eForms Logo

Massachusetts Postnuptial Agreement

Create a high quality document now!

Massachusetts Postnuptial Agreement

Updated January 23, 2023

A Massachusetts postnuptial agreement is a contract between spouses used to determine what will happen to mutually owned property in the event their marriage ends in divorce or death. Like prenuptial agreements (prenups), postnuptial agreements supersede the traditional property division rules during a divorce proceeding and can be valuable estate planning tools. Unlike prenuptial agreements, which are signed before a marriage, postnuptial agreements are signed after a couple is already married and are sometimes called “marital agreements.” Sometimes they are signed quickly after marriage, while in other cases, they are signed after the couple has been married for years.

Signing Requirements (Ansin v. Craven-Ansin (2010)) – Both parties must sign the agreement.


Role of Court: A judge will always review a marital agreement to ensure that coercion or fraud played no part in its execution. Ansin v. Craven-Ansin (2010).

Separation Agreements: Massachusetts distinguishes postnuptial agreements from “separation agreements,” which are signed by couples intending to get divorced. Ansin v. Craven-Ansin (2010).

Enforceability: At a minimum, postnuptial agreements must meet the following requirements to be enforceable:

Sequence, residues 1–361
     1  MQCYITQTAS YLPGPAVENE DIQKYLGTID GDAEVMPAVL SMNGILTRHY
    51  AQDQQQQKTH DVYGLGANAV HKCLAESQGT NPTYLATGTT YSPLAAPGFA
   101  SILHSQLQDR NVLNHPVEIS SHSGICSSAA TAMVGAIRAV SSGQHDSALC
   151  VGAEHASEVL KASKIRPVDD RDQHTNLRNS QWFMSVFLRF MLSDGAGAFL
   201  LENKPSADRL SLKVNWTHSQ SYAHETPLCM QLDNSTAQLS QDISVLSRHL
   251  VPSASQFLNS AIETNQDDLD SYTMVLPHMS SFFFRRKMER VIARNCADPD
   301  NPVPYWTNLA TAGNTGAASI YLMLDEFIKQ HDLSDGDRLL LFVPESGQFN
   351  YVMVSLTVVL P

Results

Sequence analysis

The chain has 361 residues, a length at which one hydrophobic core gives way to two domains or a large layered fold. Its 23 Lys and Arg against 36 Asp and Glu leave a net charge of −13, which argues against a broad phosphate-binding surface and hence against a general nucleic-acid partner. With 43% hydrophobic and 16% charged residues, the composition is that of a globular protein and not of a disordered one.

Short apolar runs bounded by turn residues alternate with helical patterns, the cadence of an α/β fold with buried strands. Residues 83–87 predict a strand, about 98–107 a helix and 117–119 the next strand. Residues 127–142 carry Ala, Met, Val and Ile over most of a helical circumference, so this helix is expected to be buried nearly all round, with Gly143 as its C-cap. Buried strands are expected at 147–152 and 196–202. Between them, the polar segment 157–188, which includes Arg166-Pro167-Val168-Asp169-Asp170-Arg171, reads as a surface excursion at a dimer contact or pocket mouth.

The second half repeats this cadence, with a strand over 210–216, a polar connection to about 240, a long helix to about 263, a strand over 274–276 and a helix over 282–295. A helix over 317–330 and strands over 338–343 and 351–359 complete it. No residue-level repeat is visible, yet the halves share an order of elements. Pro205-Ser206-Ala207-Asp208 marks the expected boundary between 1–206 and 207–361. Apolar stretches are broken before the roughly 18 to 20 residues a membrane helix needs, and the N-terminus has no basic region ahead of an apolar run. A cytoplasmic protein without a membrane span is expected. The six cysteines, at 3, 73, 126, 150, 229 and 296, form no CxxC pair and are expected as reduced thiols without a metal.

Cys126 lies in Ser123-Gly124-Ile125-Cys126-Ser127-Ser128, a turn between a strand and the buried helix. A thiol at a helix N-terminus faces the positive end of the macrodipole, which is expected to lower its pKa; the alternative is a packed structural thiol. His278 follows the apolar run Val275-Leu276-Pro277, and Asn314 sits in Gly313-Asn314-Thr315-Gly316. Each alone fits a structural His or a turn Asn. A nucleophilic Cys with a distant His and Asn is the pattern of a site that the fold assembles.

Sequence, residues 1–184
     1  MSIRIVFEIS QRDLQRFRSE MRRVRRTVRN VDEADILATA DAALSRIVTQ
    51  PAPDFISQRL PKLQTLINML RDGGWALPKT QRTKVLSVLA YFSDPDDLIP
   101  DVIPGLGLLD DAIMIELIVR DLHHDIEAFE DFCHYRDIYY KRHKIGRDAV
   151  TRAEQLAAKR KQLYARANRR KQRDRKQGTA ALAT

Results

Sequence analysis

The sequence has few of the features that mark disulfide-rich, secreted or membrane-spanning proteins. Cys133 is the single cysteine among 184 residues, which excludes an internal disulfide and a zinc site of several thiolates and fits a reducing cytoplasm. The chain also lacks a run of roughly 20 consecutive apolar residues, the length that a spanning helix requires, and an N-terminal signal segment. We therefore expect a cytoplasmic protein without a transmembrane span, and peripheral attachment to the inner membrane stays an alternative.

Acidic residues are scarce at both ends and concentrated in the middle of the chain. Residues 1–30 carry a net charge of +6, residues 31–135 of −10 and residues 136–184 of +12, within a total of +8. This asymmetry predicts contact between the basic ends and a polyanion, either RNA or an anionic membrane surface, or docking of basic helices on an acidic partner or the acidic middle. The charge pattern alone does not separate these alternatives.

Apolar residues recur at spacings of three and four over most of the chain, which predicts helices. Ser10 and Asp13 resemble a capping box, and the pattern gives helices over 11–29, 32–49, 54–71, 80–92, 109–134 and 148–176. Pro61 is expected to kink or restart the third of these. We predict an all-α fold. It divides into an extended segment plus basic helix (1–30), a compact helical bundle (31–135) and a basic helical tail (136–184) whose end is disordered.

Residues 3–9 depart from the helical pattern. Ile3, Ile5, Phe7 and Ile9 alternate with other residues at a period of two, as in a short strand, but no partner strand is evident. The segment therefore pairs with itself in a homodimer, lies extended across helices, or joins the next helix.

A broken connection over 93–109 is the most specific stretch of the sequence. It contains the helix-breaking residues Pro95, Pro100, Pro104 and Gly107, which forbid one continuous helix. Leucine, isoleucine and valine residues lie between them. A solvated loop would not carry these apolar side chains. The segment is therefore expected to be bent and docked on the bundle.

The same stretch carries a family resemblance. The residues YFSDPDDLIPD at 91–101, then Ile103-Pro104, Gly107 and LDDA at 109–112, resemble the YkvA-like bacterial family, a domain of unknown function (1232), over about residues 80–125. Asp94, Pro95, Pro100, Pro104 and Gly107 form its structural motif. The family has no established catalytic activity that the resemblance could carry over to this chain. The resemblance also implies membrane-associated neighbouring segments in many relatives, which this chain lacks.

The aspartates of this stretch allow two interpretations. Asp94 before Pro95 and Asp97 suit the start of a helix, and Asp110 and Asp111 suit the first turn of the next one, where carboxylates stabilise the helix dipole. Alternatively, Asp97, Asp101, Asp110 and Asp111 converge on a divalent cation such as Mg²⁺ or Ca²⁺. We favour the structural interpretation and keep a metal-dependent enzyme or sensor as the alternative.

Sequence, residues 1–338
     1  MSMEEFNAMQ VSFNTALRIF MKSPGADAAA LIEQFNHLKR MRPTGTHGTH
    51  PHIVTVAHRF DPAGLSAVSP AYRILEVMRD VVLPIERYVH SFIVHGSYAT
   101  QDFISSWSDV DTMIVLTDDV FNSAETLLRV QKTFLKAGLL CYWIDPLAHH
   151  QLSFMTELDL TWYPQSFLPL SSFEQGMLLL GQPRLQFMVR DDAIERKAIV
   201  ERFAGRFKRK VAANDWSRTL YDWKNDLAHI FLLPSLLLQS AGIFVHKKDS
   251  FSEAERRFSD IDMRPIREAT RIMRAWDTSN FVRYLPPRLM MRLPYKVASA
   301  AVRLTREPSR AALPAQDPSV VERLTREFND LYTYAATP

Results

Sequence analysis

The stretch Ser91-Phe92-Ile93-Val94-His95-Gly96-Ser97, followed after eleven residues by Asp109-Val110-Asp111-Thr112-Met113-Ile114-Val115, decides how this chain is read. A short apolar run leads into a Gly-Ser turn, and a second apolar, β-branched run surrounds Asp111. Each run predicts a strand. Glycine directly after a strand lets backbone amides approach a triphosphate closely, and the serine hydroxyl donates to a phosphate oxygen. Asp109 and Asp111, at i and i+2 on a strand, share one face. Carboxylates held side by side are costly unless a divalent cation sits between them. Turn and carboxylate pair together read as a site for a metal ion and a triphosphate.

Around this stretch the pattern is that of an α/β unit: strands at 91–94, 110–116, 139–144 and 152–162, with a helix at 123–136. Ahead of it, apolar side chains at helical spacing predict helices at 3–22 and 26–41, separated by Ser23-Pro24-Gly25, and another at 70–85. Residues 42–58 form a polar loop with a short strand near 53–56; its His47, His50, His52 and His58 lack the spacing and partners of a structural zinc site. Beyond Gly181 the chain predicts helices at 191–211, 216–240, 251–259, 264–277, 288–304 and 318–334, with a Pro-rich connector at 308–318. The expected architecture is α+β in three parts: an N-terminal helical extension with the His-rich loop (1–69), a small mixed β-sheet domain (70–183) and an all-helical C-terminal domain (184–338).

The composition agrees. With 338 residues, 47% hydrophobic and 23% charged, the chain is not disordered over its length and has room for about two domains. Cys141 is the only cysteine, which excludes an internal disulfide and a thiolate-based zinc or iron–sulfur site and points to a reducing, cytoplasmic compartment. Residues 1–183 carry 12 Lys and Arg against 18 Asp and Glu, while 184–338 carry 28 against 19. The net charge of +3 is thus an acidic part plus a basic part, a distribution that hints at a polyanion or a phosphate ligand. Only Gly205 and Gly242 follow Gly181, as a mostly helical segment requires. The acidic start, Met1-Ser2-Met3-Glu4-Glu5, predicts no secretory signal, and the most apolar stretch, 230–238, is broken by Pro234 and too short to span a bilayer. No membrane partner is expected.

1. Each party has had an opportunity to obtain separate legal counsel of each party’s choosing;
  2. There was fraud or coercion in obtaining the agreement;
  3. Both parties fully disclosed all assets before the agreement was executed;
  4. Each spouse knowingly and explicitly agreed in writing to waive the right to an equitable judicial division of assets and all marital rights in the event of a divorce; and
  5. The terms of the agreement are fair and reasonable at the time of execution and at the time of divorce.

Where one spouse challenges the agreement’s enforceability, the spouse seeking to enforce the agreement has the burden of proving the agreement meets these requirements.

Ansin v. Craven-Ansin (2010).

By using the website, you agree to our use of cookies to analyze website traffic and improve your experience on our website.